My neighbour John, has a thick, green, luscious lawn that makes his landscaping the envy of the neighbourhood. He has the type of lawn that you only s
My neighbour John, has a thick, green, luscious lawn that makes his landscaping the envy of the neighbourhood. He has the type of lawn that you only see in lawn care commercials. Achieving this highly sought-after result takes time, dedication and discipline, trust me I have a front row seat. I often see people walking by, stop to admire his grass and if they catch him outside, chances are they will ask ‘How can I make my grass thicker and greener?’ His response is always the same, ‘all you need to do is feed it, water it, and show it a little TLC’. The odd person will ask a follow up question, but most just say thanks and keep on going.
My lawn isn’t as nice as John’s, but I have picked up a thing or two over the years. Enough that I can elaborate on ‘feed it, water it, and show it a little TLC’.
Your lawn needs nutrients to flourish and be healthy, however, the nutrients found in soil are easily washed away during heavy rains. Fertilizing your lawn throughout the growing season will help provide the nutrients your lawn requires to grow thick and green. I fertilize my lawn four times a year, once in early spring to add nutrients back into the soil after the harsh winter months, twice during the summer (normally 4-6 weeks apart) and once again in the early fall, using a special fall formulated fertilizer, to get the lawn winter ready.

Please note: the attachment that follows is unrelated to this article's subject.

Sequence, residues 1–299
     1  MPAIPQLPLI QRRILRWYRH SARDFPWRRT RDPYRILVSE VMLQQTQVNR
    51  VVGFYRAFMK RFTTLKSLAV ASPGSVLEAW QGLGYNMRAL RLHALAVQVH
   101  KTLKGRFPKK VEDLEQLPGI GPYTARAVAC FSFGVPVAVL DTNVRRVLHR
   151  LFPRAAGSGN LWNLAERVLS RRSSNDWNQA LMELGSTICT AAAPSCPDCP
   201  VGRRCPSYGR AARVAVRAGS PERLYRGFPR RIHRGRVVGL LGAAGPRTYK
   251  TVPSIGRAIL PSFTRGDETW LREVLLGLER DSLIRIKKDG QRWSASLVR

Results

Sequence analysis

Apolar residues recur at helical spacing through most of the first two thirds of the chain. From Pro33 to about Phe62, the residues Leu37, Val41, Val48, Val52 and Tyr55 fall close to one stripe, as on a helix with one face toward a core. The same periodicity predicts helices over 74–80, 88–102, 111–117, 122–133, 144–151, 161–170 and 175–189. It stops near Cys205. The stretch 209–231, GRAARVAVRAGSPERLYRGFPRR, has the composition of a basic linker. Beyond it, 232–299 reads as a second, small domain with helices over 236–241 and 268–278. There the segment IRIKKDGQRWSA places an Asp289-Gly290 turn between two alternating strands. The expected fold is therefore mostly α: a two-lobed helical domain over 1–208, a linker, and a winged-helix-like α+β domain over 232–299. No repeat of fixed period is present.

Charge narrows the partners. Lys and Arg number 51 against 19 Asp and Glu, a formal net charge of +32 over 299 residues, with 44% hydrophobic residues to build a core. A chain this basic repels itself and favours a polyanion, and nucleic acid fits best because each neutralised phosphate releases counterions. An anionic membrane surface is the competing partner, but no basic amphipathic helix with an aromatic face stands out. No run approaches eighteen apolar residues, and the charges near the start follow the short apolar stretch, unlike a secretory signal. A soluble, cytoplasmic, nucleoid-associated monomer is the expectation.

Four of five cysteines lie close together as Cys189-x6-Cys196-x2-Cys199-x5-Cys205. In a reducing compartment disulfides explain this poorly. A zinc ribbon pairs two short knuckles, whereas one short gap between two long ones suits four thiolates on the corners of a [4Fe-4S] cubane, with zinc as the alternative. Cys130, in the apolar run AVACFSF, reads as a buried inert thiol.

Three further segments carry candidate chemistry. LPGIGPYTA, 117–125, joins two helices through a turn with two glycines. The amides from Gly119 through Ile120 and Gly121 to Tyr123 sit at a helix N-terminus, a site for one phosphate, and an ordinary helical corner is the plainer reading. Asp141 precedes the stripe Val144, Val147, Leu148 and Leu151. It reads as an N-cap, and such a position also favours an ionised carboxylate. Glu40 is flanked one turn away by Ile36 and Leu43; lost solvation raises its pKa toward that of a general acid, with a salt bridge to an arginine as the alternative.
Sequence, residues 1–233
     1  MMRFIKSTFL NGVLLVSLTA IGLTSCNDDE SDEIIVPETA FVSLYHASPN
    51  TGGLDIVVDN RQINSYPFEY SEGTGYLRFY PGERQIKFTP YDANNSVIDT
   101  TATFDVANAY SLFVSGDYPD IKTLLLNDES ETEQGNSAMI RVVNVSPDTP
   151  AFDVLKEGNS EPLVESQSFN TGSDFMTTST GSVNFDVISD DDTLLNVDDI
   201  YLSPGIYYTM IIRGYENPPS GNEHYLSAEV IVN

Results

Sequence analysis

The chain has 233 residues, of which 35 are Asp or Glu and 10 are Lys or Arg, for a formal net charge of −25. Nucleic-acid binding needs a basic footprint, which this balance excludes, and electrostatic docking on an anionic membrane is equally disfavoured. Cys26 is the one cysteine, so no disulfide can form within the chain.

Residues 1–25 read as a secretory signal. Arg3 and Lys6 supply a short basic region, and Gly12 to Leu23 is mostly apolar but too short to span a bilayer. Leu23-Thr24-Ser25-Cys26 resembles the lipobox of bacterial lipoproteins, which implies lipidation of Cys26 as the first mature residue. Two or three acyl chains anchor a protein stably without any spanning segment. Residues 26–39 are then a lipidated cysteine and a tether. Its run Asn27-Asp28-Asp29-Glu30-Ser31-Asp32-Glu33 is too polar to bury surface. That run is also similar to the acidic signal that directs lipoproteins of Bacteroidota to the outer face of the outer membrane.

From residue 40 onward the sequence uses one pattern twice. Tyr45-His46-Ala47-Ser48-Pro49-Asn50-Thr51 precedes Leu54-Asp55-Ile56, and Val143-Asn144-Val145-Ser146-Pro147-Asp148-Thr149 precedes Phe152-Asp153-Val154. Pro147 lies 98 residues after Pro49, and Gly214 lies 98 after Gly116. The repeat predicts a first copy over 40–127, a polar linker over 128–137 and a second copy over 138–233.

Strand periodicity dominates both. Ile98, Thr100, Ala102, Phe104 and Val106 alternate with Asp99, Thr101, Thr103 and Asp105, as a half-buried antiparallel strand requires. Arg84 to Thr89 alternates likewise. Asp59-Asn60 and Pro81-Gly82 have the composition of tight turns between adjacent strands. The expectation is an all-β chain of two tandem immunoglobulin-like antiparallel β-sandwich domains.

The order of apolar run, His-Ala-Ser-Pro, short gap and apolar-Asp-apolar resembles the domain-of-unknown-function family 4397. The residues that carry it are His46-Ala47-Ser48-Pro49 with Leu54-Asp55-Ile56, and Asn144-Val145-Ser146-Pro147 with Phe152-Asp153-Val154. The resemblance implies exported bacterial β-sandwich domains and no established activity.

I’m not sure if overseeding my lawn would fall under feeding or TLC, but either way, it is an important step to ensure you have a thick lawn. The new grass will grow into any thin spots helping thicken your lawn overall. I watched John apply new seed to his lawn after ever mow, once I started doing the same, I really began to notice a difference in my lawns look and feel. If there was one key to having a thick, green lawn, I believe this is it.
It is no secret that your lawn requires water to grow, but it doesn’t require a lot of it. Roughly 2-3 centimetres per week should suffice. The time of day you water is important as well, watering in the early morning will help ensure the water is able to absorb into the cool soil, watering throughout a hot summer day could lead to a significant amount of water simply evaporating. Having an irrigation system really helps with maintaining a watering schedule. On the days it is set to run, my lawn is watered well before I get out of bed, and if mother nature took care of the watering for me, the system detects that it has rained and skips the session.
A Little TLC
Laying down and hugging your lawn is great, but the TLC hear is in the form of proper mowing and weed control. Many people make the mistake of mowing their lawn too short. In order to promote healthy grass and root system, you should never cut more than a third of the blade. Mowing your lawn causes stress to the grass, cutting down more than a third of the blade can lead to shorter roots, and thinner, unhealthily grass.
Weeds are a lawn’s worst enemy, they take much needed nutrients and water from your lawn and since they grow quicker and bigger than your grass they also block out the sunlight. Removing weeds regularly will help keep them under control. As your lawn grows thicker and fills in space, it actually reduces weed growth as the weeds do not have the space to flourish.
So, there you have it, with a little bit of effort and dedication you too can have a thick, green, luscious lawn. And when your neighbours ask how they too can achieve this result, you can borrow John’s line of ‘feed it, water it, and show it a little TLC’.